Setting up the HP LaserJet Professional M1212nf MFP Printer on Linux (CrunchBang Waldorf)

I’ve got an HP LaserJet Professional M1212nf MFP printer at the office, and most of the machines in the office are running CrunchBang Waldorf.  The stock version of hplip does not include the drivers for this printer.

Some time ago I found that the available version of hplip did not include drivers for the HP LaserJet Professional M1212nf MFP.  You can find out what version you have by running the command:

dpkg -l hplip

In my case, this reported version 3.12.6-3+d.  At the time of writing, the current version of hplip is 3.14.1.

The upgrade is simple.  Just head over to the hplip download page and grab the current version.  There’s one trick you’ll need to do before running the installer.

Preparing for Installation

The installer should be run as your normal user, not as root.  It will, however ask you for the root password.  Unlike most other places you probably encounter, where an application wants your password so it can run something with sudo, this actually wants the root password.  Ubuntu-based distributions and some others use a random root password since you don’t actually need to know it most of the time.  Since you need to know it now, your easiest option is to reset it yourself.  You can do this using the command:

sudo passwd

This will ask you for your password which will be used to grant you permission to set the root password, which it will then ask you to type twice.  Please make sure to choose a secure password here, maybe even a random looking string that you’re ok with forgetting as soon as you’re done with this install (you can always reset it again later if needed).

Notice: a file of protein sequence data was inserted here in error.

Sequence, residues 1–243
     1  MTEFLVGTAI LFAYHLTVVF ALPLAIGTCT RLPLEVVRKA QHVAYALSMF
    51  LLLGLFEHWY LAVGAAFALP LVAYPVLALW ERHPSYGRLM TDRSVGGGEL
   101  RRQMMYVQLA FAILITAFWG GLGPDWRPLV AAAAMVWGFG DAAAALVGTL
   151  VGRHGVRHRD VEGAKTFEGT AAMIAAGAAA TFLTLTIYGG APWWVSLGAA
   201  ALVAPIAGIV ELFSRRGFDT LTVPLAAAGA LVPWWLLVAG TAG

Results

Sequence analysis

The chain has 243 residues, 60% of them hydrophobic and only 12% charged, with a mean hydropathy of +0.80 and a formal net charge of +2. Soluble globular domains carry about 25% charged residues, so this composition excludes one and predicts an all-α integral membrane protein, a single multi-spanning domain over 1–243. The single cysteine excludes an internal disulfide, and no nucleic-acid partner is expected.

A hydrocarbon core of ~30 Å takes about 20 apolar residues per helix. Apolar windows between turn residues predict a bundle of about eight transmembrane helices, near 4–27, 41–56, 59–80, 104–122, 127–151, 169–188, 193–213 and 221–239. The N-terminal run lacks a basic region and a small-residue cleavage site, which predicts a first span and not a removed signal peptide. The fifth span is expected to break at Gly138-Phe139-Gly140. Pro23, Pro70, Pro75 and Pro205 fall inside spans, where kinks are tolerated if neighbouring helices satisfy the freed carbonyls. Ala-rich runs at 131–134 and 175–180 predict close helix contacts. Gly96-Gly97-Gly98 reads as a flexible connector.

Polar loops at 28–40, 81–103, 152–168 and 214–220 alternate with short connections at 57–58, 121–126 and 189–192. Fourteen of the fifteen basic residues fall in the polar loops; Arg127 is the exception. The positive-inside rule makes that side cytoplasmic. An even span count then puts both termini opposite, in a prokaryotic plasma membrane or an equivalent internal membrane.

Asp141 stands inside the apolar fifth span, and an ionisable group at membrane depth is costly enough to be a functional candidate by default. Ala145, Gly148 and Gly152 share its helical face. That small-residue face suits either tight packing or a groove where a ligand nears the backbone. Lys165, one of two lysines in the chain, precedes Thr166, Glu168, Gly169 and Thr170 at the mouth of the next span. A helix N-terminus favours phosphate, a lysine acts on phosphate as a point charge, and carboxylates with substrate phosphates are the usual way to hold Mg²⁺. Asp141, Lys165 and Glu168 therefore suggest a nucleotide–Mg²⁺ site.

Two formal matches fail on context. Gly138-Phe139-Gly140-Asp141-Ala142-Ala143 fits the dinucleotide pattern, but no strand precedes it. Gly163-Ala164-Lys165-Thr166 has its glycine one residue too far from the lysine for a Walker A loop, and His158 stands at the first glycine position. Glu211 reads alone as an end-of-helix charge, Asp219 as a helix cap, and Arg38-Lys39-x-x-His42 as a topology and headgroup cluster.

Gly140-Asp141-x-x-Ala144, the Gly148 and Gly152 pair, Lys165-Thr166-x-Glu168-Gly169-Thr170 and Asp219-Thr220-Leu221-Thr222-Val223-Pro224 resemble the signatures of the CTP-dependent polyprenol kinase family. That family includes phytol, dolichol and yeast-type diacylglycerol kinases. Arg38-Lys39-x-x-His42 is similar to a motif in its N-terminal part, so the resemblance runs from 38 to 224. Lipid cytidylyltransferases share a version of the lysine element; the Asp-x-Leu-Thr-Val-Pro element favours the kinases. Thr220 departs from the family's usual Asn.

A little ways into the install, the installer will let you know that the install could fail if CD sources are enabled in your package manager.  These aren’t enabled by default in CrunchBang, but this may require your attention if you’re on a distribution that uses these.  You can do this in Synaptic or another package management tool if you like, or edit your /etc/apt/sources.list file to remove or comment out the relevant lines.

With the root password set and CD sources disabled (if needed), you’re ready to run the installer.

Running the Installer

Fire up the installer by executing it in a terminal, in my case (given the version I was using) this was:


When you run the installation, it may tell you that the version of Debian you’re running isn’t supported and will ask if you want to use another version.  In my case, it said 7.4 wasn’t supported and asked if I wanted to use 7.2.  I proceeded using the 7.2 packages without issue.

I chose the automatic installation, which is the default.  This worked in my case.

When it asks how you want to handle the previous version already on your system, make sure to select ‘i’ – remove and install.  This will remove the prior version and install the new.

When it asks, go ahead and let it check for updates, even though it won’t find any if you’ve just downloaded the newest version.  Also let it check for plugin updates, which it probably will find, and which you should download by following the instructions in the installer, which is very straightforward.

Once the installation is complete it will ask you to restart the printer.  If you are connected directly to the printer you should follow its instructions.  If the printer is on the network you should be able to disregard this, you can select ‘i’ to ignore/continue without restarting.

The installer should open a tool that will let you find and set up the printer for use.

I found that the test-page failed to print when sent from the installer’s setup tool.  In my case the printer does work though, and printing a test page from the printer management tool did work.

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